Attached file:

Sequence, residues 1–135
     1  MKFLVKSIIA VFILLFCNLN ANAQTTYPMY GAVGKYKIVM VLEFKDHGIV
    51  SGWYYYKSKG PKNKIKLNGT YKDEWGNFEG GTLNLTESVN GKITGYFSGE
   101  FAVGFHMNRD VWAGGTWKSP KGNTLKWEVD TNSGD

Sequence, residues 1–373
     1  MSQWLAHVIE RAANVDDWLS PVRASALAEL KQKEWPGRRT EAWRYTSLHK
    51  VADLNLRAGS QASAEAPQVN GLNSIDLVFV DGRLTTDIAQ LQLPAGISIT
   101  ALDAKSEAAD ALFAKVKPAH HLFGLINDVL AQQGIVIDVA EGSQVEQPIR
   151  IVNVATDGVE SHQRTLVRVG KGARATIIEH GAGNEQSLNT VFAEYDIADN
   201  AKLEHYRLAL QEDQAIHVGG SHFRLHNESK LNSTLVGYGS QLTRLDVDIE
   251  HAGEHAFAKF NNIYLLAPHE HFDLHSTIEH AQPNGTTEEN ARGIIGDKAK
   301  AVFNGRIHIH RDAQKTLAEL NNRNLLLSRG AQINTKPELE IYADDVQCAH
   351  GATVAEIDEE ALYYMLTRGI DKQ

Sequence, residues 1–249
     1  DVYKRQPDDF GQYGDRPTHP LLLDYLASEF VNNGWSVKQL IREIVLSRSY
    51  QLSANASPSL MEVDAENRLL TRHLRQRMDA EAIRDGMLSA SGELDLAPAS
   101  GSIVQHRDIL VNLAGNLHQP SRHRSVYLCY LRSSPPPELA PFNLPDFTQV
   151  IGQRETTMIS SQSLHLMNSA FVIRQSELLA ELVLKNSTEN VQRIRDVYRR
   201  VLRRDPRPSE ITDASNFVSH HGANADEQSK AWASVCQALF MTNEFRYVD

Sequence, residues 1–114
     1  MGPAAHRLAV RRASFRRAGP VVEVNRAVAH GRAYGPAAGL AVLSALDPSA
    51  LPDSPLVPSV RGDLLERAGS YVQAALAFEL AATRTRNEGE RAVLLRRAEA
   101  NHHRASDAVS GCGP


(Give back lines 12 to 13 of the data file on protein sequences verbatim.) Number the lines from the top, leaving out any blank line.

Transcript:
   301  AVFNGRIHIH RDAQKTLAEL NNRNLLLSRG AQINTKPELE IYADDVQCAH
   351  GATVAEIDEE ALYYMLTRGI DKQ